…the last few days have been typically spring-like, with the strong sunshine making my skin feel burnt, to snowfall the following morning. Our Spring Equinox is fast approaching and the first lambs can been seen dancing and prancing in the fields by day and hopefully snuggled with their mothers during the icy nights.
On a trip to see Granny Cockspur last week, we stumbled upon a wonderful farm in deepest darkest Herefordshire, having read a charming advertisement for ‘Lambing Afternoons in Pudleston’. Round and round and up and down we drove, snaking along narrow country lanes following the signs that simply read ‘Lamb’.
Finally we found the farm and were greeted by a lovely rose-cheeked man with his faithful collie dog who was curled up in a box guarding the lambs. On entering the sheds we were rewarded with the most amazing sight, stall after stall of beautiful sheep with their darling lambs, some still so dangerously small and underweight that they may not have lasted through the afternoon. Several times whilst we were there the smallest creatures were gently lifted from their mother’s sides and put into wooden boxes with blow-heaters aimed at them, a far cry from the idyllic image of lambs in the gentle warming oven of an AGA. Nevertheless it proved to be a very effective way to warm up their chilled little bones.
Luckily, this small farm has not been affected so far by Schmallenberg disease, an infection caught by mothers that is spreading all over the country, leading to stillborn or deformed lambs and calves being born. However, despite this, Whyle House Farm has still lost more lambs than in previous years, and the farmer and his son were being kept busy tube-feeding the weakest babes and bottle feeding the slightly stronger ones. This can be vital if a mother rejects her lamb or simply cannot feed because of common conditions such as mastitis. Some ewes who give birth to stillborn lambs are very often given another lamb to adopt as their own, and by rubbing the new lamb in the dead lamb’s after-birth the mother will quite often successfully rear another’s offspring. The same can happen if a mother has triplets and another a singlet, meaning both mothers have two lambs to rear, thereby ensuring all the lambs have as much milk as possible. This year at the farm they have had one set of quadruplets born – quite a rarity – and even more surprisingly, all four have survived and indeed were out in the fields thriving.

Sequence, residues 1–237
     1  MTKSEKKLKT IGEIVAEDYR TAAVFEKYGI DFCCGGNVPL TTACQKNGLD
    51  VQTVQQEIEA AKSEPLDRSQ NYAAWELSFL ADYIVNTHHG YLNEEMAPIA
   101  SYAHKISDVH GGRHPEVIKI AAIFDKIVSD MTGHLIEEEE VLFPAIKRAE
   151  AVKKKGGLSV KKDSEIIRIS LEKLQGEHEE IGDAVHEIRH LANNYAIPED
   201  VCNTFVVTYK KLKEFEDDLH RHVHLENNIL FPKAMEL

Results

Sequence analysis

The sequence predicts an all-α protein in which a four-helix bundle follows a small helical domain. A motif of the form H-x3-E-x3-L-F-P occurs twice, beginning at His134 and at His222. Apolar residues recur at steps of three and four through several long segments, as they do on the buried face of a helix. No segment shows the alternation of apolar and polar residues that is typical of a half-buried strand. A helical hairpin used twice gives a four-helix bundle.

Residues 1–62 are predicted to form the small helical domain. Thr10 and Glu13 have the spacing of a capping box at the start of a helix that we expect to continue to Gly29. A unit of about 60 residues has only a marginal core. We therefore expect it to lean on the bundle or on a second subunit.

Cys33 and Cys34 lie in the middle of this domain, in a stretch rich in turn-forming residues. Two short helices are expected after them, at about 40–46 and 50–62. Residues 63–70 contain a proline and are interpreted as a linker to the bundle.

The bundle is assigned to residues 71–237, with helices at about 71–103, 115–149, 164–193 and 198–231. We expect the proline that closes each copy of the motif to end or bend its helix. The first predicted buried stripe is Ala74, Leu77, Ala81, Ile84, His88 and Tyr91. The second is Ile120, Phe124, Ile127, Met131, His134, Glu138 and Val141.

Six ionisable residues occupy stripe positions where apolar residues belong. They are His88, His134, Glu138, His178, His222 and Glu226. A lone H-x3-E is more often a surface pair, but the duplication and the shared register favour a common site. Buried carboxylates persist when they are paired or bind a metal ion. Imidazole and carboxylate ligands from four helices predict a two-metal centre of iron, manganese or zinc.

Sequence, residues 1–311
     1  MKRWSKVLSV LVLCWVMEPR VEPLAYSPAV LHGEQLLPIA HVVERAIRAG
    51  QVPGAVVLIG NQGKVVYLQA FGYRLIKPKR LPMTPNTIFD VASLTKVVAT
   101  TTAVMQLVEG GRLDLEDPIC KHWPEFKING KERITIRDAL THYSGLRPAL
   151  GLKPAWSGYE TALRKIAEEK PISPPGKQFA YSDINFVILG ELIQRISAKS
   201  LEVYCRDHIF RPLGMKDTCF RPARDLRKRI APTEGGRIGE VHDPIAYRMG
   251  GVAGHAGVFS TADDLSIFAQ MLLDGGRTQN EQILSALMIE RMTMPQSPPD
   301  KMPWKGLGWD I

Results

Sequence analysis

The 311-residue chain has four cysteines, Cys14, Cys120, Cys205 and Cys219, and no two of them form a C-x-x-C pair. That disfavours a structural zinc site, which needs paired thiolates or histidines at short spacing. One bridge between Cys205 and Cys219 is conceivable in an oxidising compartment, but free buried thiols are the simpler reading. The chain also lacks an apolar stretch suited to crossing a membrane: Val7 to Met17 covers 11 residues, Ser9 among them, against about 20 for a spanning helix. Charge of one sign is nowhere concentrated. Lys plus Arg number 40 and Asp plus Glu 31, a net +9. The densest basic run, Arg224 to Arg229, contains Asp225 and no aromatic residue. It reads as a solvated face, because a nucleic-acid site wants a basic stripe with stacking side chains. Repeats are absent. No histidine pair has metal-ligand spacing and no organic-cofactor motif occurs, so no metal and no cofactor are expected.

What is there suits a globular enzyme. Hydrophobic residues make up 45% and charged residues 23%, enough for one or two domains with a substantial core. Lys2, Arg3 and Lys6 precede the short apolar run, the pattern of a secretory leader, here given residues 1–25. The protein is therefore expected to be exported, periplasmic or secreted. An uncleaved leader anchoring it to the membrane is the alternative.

There were lots of pregnant ewes too pacing in their stalls, and we learnt that although some lambs can be born very quickly and without warning, some mothers stare into the distance or stargaze when they are in labour, and some paw the ground in anticipation of an imminent birth. Sadly we didn’t see any lambs actually being born, but we are hoping for a return visit next week so fingers crossed. We were however fortunate enough to hold some of the lambs, there little iodine stained bellies indicating they had been newly delivered and their umbilical cords cut and swabbed to help ward off infection.
I had the wonderful opportunity of bottle-feeding one of the smallest lambs, who had up until that point been tube-fed as he rejected his bottle. The farmers do not like to tube feed the lambs for too long as it can damage their oesophagus and cause further problems. Either it was an extraordinary moment of luck or I really am destined to be a shepherdess but the little lamb wolfed his milk down much to my – and the farmer’s – delight. After all, these little babes are a commodity for the farmers and it is vital that as many lambs as possible survive and thrive.
Whilst I am a vegetarian, with a ridiculously soft spot for animals, especially baby ones, I am also realistic as to the nature of farming and why these lambs are being bred in the first place. I also know that for about six months these lambs will have a wonderful life, ensured by the small scale of the farm and the obvious dedication and love that the farmers’ feel towards their livestock. Whilst no charge was asked for spending an afternoon at the farm, they did encourage people to buy their lamb meat directly from them, and we scuttled into the butchery to see what was available. I bought two lamb shanks for my boys to try. I made them into a hearty stew using tips from the farmer who gave me his recipe for a deliciously melting and tender supper, and some helpful suggestions and measurements from Nigel Slater’s Kitchen Diaries.
2 lamb shanks
A large glug of olive oil
2 onions, peeled and quartered ( I used red onions)
3 bay leaves
3 large cloves of garlic
2 tbsp of hot wholegrain mustard
300ml of red wine
200ml of stock
salt and pepper
So – I simply sealed the lamb shanks in the hot oil in the base of a heavy cast-iron pot. Once golden brown I added the onions and the bay leaves, the hot stock and red wine and allowed it all to bubble for a while.
I then added the peeled and squashed garlics into the liquor, added the heavy lid, and put the pot into a moderate oven for 2 hours, stirring halfway through (at which point I also stirred in the mustard). I served the stew – with the lamb melting from the bone – with a swede and potato root mash from a recipe I had seen in Hugh FW’s book Three Good Things, and a cauliflower cheese made using locally smoked Cheddar.
…Now that our naughty pup Jemima has started to behave I am on the look out for a new challenge – in the form of two pet lambs – but these will definitely not be destined for our table.